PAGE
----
I suppose to some Lenten fasting and repentence is actually a vain work and a denial that Christ’s work is finished. His justice and righteousness covers us letting God see the cleanliness of Christ instead of our sins. We can never truly be made clean. So practices such as this are wasteful and useless. It is a feel good exercise nothing more. The limit should be to ask for forgiveness for our sins. Anything else is extrabiblical and borders on idolatry.
On the contrary. The spirit of Lent is the spirit of Christ Crucified. Therefore, whatever enables us to better understand Christ's Passion and Death, and deepens our responsive love for His great love toward us should be fostered during the Lenten season.
We can never truly be made clean.
Of course we can! John 20:21-23
So practices such as this are wasteful and useless.
Nothing could be farther from the truth. Our penance should strive to endure some pain in order to expiate the sinful pleasure that is always the substance of sin. This can take on a variety of forms, and no two people are the same in this matter. As an example, try renouncing television for 48 hours and devoting those hours to prayer, fasting and reading scripture. Most importantly, offer it up to God as repentance for your sins. You will be rewarded with a renewed strength of faith.
Lent is a season of soul-searching and repentance. It is a season for reflection and taking stock. Lent originated in the very earliest days of the Church as a preparatory time for Easter, when the faithful rededicated themselves and when converts were instructed in the faith and prepared for baptism. By observing the forty days of Lent, the individual Christian imitates Jesus withdrawal into the wilderness for forty days. All churches that have a continuous history extending before AD 1500 observe Lent. The ancient church that wrote, collected, canonized, and propagated the New Testament also observed Lent, believing it to be a commandment from the apostles.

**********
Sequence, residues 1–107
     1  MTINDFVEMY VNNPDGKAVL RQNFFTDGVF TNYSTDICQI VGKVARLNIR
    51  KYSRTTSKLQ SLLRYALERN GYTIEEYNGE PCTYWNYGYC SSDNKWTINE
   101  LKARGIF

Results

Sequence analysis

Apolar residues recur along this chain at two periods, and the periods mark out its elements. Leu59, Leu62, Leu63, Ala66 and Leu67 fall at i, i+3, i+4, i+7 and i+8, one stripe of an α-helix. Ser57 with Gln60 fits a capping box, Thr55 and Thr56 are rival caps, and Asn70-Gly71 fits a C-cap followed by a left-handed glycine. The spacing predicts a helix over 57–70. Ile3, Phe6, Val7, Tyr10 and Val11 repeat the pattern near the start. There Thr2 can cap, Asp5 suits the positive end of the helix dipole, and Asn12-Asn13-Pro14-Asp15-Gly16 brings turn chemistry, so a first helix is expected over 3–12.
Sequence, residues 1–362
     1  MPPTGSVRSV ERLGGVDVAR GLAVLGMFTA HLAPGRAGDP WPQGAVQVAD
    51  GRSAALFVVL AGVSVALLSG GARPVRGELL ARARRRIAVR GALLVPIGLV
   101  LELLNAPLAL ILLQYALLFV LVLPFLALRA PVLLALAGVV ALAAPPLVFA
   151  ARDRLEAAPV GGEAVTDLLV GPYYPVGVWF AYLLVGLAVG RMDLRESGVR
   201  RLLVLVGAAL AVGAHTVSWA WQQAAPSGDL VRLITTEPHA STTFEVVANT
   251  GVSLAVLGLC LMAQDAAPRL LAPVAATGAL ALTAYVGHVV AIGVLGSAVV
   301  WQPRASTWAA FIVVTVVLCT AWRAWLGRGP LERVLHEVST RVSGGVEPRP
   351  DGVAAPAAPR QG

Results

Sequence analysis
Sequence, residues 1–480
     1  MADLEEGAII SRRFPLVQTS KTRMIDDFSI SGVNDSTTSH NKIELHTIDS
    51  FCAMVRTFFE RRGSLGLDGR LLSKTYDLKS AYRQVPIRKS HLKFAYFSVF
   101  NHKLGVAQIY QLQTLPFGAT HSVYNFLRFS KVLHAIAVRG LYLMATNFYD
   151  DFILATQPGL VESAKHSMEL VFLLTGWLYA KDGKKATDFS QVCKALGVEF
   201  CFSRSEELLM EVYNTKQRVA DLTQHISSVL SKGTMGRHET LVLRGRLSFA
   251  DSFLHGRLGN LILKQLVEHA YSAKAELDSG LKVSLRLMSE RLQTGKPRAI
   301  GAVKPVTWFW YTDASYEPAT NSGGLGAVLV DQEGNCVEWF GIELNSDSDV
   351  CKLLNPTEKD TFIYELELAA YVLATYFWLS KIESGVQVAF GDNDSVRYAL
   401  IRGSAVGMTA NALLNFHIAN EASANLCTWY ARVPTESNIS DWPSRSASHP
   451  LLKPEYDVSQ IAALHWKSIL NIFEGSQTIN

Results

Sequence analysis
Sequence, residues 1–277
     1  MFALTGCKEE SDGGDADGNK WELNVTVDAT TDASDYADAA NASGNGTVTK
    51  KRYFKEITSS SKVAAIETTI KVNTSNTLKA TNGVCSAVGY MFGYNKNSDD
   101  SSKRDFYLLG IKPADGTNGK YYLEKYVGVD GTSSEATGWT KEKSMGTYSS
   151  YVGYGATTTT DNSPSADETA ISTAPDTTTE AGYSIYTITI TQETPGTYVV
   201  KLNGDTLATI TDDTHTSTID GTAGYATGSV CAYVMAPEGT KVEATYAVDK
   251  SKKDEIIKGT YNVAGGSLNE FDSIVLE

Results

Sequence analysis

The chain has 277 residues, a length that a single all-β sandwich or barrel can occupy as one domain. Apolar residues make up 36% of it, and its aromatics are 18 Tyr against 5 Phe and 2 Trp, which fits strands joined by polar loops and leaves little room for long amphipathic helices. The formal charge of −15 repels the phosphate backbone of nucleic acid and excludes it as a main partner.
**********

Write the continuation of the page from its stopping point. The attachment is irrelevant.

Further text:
Lent began in the apostolic era and was universal in the ancient church. For this reason, Lent is observed by the various Presbyterian, Methodist, Lutheran, and Anglican denominations, by Roman Catholics, and by Eastern Orthodox Churches.
It is much easier to explain who stopped observing it and why.
In the 16th century, many Calvinists and Anabaptists discarded all Christian holy days, on the theory that they were Roman innovations. That was their best information at the time, but today we know that they were wrong. In the late 19th century, ancient Christian documents came to light. The Didache from the first century, the Apostolic Constitutions from the third century, and the diaries of Egeria of the fourth century; all which give evidence of the Christian calendar and holy days.